A first question we may prose, then, is whether Ayer can successfully defend a distinction between statements which are (out and out) nonsense, and those that have emotive significance; and whether, if he can, it will rule that ethical statements have emotive significance, but metaphysical ones don't. However, emotivism doesn't turn on this defence, for irrespective of a general analysis of meaning, we may still claim that ethical statements have emotive significance. Stevenson, for example, grants that may moral terms have descriptive significance, but argues that their distinctively ethcial element relates to the expression or arousal of emotion. (This second aspect is often overlooked in discussions, and wrongly so; it is easier to think of counter examples in which I am not expressing my feelings than cases in which I'm not seeking to influence others.) The strength of the theory rests in the obvious connection between morality and feelings, and its observations of the differences between moral and scientific debate.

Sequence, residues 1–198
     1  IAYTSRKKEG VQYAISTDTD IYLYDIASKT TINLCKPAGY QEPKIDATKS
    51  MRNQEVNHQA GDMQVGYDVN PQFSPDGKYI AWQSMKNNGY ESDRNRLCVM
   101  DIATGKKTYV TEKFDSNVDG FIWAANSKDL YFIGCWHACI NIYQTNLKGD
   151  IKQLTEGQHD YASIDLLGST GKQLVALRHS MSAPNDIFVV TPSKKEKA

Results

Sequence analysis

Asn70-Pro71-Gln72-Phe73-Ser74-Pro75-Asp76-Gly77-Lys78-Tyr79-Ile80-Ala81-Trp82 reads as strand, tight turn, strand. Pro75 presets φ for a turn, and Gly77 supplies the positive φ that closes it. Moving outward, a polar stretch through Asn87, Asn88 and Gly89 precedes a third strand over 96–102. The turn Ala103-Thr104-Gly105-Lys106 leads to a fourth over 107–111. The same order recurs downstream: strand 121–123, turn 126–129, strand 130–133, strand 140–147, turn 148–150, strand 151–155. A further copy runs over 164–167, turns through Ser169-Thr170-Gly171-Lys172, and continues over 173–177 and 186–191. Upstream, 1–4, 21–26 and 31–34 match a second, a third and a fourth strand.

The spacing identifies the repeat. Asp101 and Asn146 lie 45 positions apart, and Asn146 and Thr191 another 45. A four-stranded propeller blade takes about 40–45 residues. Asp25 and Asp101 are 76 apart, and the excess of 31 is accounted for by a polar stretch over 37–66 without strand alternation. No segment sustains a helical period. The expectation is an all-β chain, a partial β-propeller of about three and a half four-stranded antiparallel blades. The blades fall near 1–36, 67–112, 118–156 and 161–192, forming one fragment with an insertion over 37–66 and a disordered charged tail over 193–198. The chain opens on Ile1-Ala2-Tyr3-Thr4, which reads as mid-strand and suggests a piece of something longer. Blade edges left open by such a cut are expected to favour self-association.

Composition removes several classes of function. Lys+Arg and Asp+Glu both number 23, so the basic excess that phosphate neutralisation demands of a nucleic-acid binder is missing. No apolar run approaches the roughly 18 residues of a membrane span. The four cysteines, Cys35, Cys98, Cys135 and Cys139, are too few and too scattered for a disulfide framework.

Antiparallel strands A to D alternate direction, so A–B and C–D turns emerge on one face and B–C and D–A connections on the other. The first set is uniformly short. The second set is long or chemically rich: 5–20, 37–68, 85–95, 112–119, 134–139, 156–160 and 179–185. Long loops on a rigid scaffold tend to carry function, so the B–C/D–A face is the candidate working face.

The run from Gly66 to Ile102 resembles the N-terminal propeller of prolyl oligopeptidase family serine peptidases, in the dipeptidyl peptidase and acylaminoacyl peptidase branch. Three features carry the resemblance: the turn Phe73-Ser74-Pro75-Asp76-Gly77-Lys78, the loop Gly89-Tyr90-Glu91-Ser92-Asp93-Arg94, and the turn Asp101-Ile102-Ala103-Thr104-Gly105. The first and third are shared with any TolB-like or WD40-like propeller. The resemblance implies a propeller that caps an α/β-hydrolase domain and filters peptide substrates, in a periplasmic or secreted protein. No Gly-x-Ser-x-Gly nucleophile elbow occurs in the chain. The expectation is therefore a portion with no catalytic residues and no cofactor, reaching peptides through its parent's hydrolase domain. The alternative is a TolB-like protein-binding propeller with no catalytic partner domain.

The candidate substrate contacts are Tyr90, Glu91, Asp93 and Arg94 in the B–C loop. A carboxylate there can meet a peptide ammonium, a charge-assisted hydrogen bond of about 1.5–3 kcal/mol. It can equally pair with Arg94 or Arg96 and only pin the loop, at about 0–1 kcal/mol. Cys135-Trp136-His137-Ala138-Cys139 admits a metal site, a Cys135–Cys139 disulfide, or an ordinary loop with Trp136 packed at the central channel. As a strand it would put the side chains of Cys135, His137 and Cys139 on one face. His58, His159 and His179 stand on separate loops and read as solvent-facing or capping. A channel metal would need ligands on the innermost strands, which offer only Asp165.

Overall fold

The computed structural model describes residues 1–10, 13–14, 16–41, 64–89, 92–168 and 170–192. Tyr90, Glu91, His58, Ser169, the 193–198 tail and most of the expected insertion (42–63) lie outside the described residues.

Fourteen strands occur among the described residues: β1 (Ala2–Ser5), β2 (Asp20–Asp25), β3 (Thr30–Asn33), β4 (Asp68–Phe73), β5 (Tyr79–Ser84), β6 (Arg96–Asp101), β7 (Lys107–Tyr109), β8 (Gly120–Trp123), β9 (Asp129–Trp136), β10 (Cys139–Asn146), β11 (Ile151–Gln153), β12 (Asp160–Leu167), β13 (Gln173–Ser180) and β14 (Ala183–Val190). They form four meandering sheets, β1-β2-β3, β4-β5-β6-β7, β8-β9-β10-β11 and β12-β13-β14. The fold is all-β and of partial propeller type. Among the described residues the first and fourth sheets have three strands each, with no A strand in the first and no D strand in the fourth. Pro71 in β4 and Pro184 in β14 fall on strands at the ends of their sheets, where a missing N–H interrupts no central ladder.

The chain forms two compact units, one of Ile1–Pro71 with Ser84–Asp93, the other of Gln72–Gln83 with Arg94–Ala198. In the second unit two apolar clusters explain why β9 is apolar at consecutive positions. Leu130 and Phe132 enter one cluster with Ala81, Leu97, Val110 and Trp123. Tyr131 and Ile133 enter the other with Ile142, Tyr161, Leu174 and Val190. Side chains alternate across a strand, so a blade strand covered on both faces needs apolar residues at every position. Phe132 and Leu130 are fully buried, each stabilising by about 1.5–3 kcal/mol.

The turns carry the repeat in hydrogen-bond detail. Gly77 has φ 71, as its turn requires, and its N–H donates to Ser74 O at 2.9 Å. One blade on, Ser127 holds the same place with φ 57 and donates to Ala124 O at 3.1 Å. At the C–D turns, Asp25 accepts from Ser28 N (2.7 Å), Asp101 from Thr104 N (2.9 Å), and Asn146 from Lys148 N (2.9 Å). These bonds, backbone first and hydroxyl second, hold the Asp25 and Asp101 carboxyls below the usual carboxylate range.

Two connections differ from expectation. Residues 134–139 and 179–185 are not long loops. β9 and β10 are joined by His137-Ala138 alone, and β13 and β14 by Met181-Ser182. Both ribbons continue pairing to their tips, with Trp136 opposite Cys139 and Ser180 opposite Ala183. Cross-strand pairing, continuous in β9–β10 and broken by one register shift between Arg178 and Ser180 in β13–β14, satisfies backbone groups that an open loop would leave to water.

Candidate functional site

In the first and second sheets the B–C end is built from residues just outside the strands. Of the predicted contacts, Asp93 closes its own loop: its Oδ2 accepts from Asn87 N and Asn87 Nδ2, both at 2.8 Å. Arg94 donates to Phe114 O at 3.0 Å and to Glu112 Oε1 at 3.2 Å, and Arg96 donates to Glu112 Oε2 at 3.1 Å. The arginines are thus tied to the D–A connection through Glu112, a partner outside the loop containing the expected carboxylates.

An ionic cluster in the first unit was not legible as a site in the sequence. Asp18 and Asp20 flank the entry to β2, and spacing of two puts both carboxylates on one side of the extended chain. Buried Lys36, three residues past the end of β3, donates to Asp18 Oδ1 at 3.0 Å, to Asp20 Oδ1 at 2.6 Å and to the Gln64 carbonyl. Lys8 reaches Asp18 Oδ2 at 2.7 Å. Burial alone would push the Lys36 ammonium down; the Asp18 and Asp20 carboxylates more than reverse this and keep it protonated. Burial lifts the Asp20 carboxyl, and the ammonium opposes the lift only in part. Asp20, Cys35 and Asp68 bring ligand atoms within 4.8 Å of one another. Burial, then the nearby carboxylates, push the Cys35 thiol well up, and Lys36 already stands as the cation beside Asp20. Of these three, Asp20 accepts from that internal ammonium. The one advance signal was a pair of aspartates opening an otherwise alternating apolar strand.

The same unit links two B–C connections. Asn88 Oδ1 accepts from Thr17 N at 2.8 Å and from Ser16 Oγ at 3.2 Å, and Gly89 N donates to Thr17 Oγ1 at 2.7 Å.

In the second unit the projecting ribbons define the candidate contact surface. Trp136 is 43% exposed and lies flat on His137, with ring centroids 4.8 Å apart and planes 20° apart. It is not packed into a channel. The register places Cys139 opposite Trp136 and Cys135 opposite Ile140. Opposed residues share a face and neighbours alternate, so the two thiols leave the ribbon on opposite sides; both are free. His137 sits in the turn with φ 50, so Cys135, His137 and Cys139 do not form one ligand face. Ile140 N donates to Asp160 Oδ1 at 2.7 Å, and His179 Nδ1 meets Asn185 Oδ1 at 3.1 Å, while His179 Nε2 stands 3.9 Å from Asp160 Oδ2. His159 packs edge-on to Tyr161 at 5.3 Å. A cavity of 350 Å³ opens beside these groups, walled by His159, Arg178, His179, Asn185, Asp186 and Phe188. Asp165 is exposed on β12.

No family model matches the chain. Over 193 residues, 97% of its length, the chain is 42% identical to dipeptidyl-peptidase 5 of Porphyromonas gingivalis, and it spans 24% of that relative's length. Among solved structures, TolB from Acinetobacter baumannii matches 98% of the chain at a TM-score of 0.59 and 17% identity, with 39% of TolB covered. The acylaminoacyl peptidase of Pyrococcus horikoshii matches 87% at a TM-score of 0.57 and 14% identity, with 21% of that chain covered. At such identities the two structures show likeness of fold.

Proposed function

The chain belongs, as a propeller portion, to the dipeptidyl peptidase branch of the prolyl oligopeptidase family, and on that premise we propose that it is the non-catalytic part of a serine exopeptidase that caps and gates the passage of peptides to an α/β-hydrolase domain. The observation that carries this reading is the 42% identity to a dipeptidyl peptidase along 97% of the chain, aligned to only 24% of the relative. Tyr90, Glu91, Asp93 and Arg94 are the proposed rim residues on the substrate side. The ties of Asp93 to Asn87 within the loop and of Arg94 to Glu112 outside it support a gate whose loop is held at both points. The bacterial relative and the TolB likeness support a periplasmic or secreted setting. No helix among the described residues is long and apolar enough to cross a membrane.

Ayer famously claims that moral disputes are always either disputes about facts (not values) or exchanges of insults. Stevenson improves on the latter, providing a more extended analysis of *** debates that continue after the facts are agreed upon can be understood as disagreements in attitudes. Disagreements here should be understood in terms of assertions and truth values, but in terms of practical commitments - we can't live by both sets of commitments.
Numerous objects have been made to emotivism, many of them fairly technical. It is important to seperate the fundamental idea of emotivism - that moral judgments are in some way expressions of feeling, and should recieve a non-cognitive analysis - from the particular analysis that emotivism provides. Non-cognitivist theories have become very sophisicated since the formulations of Ayer and Stevenson.